The American Indian legend begins with a raccoon passing by a wolf on a wooded path. As is his nature, the raccoon cannot resist insulting the wolf. Upon hearing the insult, the wolf naturally begins to chase him. The raccoon runs to a large tree where he hides on a tree limb hanging over a creek. Exhausted from the chase, the wolf stops to drink from the creek. As he laps up the fresh water, he sees the raccoon’s reflection in the water. After diving into the water, he realizes that it is only a reflection. In the midst of the watery illusion however, the wolf nearly drowns before reaching the shore. Drained from the ordeal, the wolf quickly falls asleep. As the raccoon sees this, he comes down from the safety of the tree limb and plasters the wolf’s eyes shut with clay from the bottom of the creek.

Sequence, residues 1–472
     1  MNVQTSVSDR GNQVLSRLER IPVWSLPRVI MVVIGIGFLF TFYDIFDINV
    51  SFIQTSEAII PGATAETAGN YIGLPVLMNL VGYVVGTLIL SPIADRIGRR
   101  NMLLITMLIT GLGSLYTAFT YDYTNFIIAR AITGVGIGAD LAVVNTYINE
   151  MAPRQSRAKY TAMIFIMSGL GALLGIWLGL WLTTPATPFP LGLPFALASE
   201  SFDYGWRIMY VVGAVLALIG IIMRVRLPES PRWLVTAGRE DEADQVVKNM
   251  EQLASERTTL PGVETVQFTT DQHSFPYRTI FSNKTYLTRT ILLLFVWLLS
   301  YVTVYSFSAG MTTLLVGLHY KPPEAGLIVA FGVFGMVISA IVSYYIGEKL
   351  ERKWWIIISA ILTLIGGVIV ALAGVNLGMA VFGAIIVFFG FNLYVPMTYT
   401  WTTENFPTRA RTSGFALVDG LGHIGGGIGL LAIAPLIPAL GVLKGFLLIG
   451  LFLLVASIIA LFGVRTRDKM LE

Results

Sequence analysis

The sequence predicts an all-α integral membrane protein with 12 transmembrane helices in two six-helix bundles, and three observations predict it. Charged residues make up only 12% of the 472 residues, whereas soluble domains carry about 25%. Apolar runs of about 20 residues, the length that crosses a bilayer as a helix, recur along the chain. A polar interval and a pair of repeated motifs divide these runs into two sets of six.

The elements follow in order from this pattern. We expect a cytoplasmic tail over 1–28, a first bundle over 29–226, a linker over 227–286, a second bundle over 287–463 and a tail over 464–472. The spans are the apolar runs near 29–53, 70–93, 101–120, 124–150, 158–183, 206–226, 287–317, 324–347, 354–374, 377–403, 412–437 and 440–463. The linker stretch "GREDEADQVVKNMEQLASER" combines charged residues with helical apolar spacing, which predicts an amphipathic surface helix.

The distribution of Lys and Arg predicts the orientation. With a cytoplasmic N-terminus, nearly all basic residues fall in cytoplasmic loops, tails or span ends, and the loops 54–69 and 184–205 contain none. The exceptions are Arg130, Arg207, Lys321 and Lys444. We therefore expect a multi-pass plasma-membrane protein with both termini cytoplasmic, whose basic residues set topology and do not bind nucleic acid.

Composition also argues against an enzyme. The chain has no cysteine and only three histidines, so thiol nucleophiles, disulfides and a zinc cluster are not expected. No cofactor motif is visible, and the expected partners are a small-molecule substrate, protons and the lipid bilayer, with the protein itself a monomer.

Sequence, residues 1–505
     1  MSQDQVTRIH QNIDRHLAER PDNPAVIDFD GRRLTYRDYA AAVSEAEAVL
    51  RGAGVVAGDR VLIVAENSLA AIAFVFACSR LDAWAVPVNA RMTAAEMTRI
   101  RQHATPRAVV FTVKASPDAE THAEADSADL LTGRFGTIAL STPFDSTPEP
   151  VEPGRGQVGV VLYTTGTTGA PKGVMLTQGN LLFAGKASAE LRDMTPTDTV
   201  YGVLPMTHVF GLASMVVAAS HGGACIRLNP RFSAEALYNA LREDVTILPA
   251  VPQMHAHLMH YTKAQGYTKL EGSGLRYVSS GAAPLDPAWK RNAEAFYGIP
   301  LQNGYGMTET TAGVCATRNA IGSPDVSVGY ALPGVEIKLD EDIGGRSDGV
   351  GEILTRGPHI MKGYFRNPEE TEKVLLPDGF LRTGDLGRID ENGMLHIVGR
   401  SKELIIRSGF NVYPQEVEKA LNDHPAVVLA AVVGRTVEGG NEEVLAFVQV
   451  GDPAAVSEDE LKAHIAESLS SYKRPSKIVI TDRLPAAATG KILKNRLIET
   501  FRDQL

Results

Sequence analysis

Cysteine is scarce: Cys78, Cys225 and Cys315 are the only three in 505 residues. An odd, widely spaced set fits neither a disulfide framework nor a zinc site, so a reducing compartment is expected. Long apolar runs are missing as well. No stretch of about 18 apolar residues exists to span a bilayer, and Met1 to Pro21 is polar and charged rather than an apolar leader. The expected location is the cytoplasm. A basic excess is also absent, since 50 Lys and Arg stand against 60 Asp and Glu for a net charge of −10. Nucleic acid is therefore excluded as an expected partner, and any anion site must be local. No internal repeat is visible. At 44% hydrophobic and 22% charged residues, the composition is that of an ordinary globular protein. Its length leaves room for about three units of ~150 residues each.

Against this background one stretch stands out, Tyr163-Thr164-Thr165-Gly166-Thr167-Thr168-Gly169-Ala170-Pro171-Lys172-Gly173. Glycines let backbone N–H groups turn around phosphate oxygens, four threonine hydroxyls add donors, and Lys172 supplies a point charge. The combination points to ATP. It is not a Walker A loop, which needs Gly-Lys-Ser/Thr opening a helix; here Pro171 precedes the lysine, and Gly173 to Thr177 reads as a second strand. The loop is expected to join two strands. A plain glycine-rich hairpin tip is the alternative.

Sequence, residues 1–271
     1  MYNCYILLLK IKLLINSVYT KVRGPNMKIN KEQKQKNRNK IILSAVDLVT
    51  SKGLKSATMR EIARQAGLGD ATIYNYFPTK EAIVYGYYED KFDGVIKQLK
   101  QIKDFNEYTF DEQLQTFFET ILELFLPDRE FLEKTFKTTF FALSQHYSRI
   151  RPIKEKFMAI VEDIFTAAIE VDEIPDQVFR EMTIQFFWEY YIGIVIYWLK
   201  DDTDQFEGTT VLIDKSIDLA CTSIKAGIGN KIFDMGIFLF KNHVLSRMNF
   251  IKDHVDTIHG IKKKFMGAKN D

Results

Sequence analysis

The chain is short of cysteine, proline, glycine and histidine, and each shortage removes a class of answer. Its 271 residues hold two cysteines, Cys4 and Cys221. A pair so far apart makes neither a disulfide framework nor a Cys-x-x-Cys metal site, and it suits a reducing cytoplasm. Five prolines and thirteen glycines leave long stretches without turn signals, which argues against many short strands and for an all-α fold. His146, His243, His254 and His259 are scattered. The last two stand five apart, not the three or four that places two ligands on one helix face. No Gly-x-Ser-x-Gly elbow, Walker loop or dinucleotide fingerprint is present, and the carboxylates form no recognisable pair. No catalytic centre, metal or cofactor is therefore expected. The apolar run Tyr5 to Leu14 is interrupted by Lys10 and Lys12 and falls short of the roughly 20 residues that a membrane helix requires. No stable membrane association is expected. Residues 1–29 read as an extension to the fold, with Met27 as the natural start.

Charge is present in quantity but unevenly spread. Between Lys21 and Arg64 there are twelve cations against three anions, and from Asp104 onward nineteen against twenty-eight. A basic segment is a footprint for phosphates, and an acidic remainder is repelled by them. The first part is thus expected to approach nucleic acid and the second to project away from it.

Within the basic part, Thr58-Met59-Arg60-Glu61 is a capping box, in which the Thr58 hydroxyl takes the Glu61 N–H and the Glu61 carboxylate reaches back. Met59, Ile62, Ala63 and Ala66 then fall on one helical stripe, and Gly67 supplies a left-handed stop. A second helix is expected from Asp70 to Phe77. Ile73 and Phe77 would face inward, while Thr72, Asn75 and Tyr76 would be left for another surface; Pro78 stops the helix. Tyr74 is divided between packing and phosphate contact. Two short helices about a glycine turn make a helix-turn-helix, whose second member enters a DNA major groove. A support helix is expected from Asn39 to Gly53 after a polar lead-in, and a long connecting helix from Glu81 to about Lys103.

When the wolf awakens, he struggles and wines as he tries to wipe the hardened clay from his eyes. In utter frustration, he begins to howl. Upon hearing the poor animal's cries, an unattractive little brown bird comes to see if he can help. Upon hearing the wolf's story, the bird begins pecking at the clay around his eyes until the last chunk of clay is gone. The wolf is so grateful to the little brown bird that he asks what he can possibly do to repay him. When the kindly bird declines the wolf’s offer, the wolf has an idea. He takes the bird to a place where red rock covers the land. He mixes the rock with water, and as he begins painting the bird red and he declares that he is now a “Red Bird” and from that day forward, all of his children would be born with beautiful crimson feathers. So began the tradition in the tribe that all the boy children wear red feathers.